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* Dec. nonfarm payrolls jump most in 10 months, beat estimates
* Fed's Powell pledges patience, sensitivity to financial markets
* Industrial stocks gain on plans for U.S.-China trade talks
* Tech stocks rebound from biggest one-day drop since Aug. 2011
* Indexes up: Dow 3.42 pct, S&P 3.44 pct, Nasdaq 4.21 pct (Updates to early afternoon, adds details)
By Shreyashi Sanyal
Jan 4 (Reuters) - U.S. stocks surged to over two-week highs on Friday after a robust U.S. jobs report pointed to sustained economic strength and Federal Reserve Chairman Jerome Powell suggested the central bank would be flexible with monetary policy.
The S&P and Dow Industrials jumped about 3.5 percent and the Nasdaq over 4 percent, putting the three indexes on course to erase all losses from a plunge on Thursday when slowing U.S. factory activity and Apple Inc's dire revenue warning fueled fears of a global economic slowdown.
Nonfarm payrolls surged by 312,000 jobs in December, the largest gain since February and sailed past economists' expectations of 177,000. The Labor Department report also showed an improvement in wages.
There were concerns that the data would let the Fed stick with its projection for two interest rate hikes in 2019, but traders kept bets that the central bank will hold fire this year and begin cutting rates in 2020.
Powell also moved to mollify financial markets, saying that while economic momentum is solid, the Fed is sensitive to the risks highlighted by investors and will be patient with its monetary policy in 2019.
"His (Powell's) comments are being interpreted as dovish," said Randy Frederick, vice president of trading and derivatives for Charles Schwab in Austin, Texas.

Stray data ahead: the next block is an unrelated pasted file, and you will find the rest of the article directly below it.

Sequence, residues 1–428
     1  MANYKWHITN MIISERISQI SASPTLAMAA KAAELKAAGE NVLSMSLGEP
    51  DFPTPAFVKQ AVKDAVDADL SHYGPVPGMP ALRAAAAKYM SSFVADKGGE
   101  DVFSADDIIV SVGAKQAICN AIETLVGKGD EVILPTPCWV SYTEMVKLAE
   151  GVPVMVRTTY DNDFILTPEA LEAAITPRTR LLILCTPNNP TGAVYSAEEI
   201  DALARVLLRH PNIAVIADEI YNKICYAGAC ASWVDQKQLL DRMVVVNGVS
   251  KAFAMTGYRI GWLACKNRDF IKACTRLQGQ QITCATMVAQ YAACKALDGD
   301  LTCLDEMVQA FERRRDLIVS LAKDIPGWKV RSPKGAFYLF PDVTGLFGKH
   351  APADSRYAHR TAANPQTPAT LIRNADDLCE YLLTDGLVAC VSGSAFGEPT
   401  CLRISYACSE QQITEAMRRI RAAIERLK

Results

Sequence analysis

"The things he said today are leading traders and investors to believe that the Fed is willing to potentially change their projections for rate hikes this year."
All the 11 major S&P sectors were higher. Technology stocks , coming off their biggest one-day percentage drop since August 2011 on Thursday, jumped 4.40 percent, leading the gains.
The day got off to a strong start after China said it would hold a new round of talks with the United States next week to try and resolve their trade dispute. That helped the industrials sector gain 3.60 percent.
At 1:00 p.m. ET, the Dow Jones Industrial Average was up 775.82 points, or 3.42 percent, at 23,462.04, the S&P 500 was up 84.12 points, or 3.44 percent, at 2,532.01 and the Nasdaq Composite was up 272.41 points, or 4.21 percent, at 6,735.91.
The heavyweight FAANG stocks — Facebook Inc, Apple, Amazon.com Inc, Netflix Inc and Google-parent Alphabet Inc — surged between 3.8 percent and 8.6 percent, bolstering gains on the S&P and Nasdaq.
While defensive real estate, utilities and consumer staples rose the least among the sectors, their gains were between 1.34 percent and 1.87 percent.
Despite the rally, U.S. stocks are anchored near mid-2017 lows, with a chunk of the losses coming last month in what was the S&P's worst December since the Great Depression. The selloff was squarely due to mounting evidence of a global economic slowdown and fears of its effect on corporate profits.
Analysts now estimate earnings at S&P 500 companies rose 15.1 percent in the fourth quarter, outpacing the 14.8 percent growth in the year-ago quarter, according to Refinitiv's IBES. But, that is lower than the 20 percent growth forecast in early October.
Advancing issues outnumbered decliners for a 7.13-to-1 ratio on the NYSE and a 6.95-to-1 ratio on the Nasdaq.
The S&P index recorded no new 52-week highs and one new low, while the Nasdaq recorded four new highs and 12 new lows. (Reporting by Shreyashi Sanyal in Bengaluru; Editing by Shounak Dasgupta)